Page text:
Hi friends. I have used to study different papers for VLSM. But i am confused to understand exact idea behind this. Is there any link where can i find much easy and brief report about VLSM and how to use this pls help me in this regard as u can. I am confused about VLSM.
in a nutshell, VLSM simply means to use another than the classful mask. To give you an example: let´s say you want to use class B network 172.16.0.0. The default mask is 255.255.0.0, which gives you one subnet with 65534 hosts. Now you need several subnets, let´s say 4. The way to do it is to change the subnet mask to 255.255.192.0, which effectively gives you 4 subnets with 16382 hosts each. That is really all that there is to VLSM.
Check this paper for a good explanantion:
IP network design, part 3: IP addressing and routing
VLSM also allows you to tailor the number of hosts within a specific address block (each subnet of the block can have variable number of hosts).
The KEY thing to remember is that the host ranges CANNOT overlap.
For example, with a Class C or twenty-four bit mask on the given address, you would not be able to provide twelve subnets with one containing up to 30 hosts.
Normally, you'd subnet at the fourth bit (/28 - 255.255.255.240), giving you
14 subnets (tossing Zero and all ones) with 14 hosts per subnet. But you have a requirement for one network with 30 hosts....
If you work out the subnets up to the eleventh subnet, then slide the mask one bit to the left / MSB side (/27 - 255.255.255.224), you can create at least one subnet with 30 hosts. The dividing line will be the X.X.X.192 subnet: everything below is a /28, everything .192 or above is a /27.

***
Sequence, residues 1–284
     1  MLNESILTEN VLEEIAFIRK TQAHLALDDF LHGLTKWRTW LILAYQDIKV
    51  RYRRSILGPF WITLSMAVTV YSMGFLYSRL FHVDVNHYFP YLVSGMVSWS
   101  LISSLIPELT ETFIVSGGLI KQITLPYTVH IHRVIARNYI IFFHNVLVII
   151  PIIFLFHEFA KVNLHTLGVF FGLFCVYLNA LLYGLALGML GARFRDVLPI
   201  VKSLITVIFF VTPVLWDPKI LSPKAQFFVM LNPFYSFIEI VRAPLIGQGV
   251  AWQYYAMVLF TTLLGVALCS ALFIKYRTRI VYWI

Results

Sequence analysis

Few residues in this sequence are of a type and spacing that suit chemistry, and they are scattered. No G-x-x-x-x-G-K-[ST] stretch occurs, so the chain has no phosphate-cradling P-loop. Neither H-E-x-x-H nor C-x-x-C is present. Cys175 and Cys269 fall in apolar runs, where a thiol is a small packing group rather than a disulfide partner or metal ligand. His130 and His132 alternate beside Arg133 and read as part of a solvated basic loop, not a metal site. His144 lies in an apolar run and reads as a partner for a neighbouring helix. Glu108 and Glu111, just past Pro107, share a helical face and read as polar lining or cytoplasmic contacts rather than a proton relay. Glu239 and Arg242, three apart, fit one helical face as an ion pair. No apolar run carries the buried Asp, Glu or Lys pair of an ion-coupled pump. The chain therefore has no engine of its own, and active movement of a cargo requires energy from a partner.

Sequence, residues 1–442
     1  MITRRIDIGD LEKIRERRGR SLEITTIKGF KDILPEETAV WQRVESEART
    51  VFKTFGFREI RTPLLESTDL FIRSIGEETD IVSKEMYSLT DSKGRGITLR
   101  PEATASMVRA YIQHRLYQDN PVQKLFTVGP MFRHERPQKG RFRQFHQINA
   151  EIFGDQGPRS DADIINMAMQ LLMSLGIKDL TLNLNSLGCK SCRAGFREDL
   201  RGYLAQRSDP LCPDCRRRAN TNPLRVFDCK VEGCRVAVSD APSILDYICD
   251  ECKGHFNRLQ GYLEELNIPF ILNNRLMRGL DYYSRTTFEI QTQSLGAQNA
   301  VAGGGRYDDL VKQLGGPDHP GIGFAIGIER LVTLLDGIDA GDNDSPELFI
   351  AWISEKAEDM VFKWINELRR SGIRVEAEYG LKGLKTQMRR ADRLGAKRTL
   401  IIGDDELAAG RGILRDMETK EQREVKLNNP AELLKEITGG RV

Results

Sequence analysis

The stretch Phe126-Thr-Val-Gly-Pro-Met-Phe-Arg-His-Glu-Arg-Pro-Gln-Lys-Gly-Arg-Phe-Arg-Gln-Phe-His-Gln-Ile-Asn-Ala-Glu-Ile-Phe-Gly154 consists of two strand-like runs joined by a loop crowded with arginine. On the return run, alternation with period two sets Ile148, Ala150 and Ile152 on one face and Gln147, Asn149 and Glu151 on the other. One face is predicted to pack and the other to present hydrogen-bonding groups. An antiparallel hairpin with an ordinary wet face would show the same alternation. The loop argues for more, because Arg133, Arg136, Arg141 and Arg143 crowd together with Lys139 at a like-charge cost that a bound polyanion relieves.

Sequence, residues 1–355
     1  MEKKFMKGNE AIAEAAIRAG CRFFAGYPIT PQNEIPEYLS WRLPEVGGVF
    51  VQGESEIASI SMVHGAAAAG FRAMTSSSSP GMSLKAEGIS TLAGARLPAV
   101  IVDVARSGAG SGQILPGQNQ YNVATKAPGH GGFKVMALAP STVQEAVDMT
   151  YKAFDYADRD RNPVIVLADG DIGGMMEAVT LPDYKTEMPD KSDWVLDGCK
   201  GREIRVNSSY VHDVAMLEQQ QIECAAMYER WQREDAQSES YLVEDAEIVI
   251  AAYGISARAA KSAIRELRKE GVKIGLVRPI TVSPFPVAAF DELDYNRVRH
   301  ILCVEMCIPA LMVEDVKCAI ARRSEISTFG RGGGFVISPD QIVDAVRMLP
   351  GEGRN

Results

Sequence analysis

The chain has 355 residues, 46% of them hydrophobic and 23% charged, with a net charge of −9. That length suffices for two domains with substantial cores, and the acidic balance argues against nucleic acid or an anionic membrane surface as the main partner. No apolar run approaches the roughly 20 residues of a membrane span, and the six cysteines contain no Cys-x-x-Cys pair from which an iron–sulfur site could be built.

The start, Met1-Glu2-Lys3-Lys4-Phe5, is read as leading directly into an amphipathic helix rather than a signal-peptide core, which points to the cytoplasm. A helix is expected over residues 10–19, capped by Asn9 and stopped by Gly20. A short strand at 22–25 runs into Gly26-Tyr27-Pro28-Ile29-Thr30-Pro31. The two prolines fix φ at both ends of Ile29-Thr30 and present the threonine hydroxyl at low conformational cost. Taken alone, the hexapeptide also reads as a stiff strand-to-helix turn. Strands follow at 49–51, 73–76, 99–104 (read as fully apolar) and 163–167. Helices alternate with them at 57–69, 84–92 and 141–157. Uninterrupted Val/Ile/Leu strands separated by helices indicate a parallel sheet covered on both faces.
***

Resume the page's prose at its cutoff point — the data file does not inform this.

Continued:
Assuming the address was 192.168.1.0 / 24 - 255.255.255.0
Subnet to 28 bits (/28, 255.255.255.240)
You'd get eleven subnets of fourteen hosts each:
192.168.1.16 (hosts .17 - .30, broadcast .31)
192.168.1.32 (hosts .33 - .47, broadcast .47)
192.168.1.48 (hosts .49 - .62, broadcast .63)
192.168.1.64 (hosts .65 - .78, broadcast .79)
192.168.1.80 (hosts .81 - .94, broadcast .95)
192.168.1.96 (hosts .97 - .110, broadcast .111
192.168.1.112 (hosts .113 - .126, broadcast .127)
192.168.1.128 (hosts .129 - .142, broadcast .143)
192.168.1.144 (hosts .145 - .158, broadcast .159)
192.168.1.160 (hosts .161 - .174, broadcast .175)
192.168.1.176 (hosts .177 - .190, broadcast .191)
At this point, change the mask to /27 - 255.255.255.224
You get the additional subnets, each with 30 hosts:
192.168.1.192 (hosts .193 - .222, broadcast .223)
192.168.1.224 (hosts .225 - .254, broadcast .255)
Note that none of the subnets overlap, and no host addresses overlap. If you create an overlap situation (two overlapping address ranges on the same router),the router will will kick back the address range with an "Address Overlap" error.
The more host bits you start with, the more options you'd have for subnetting / variable-length subnetting.
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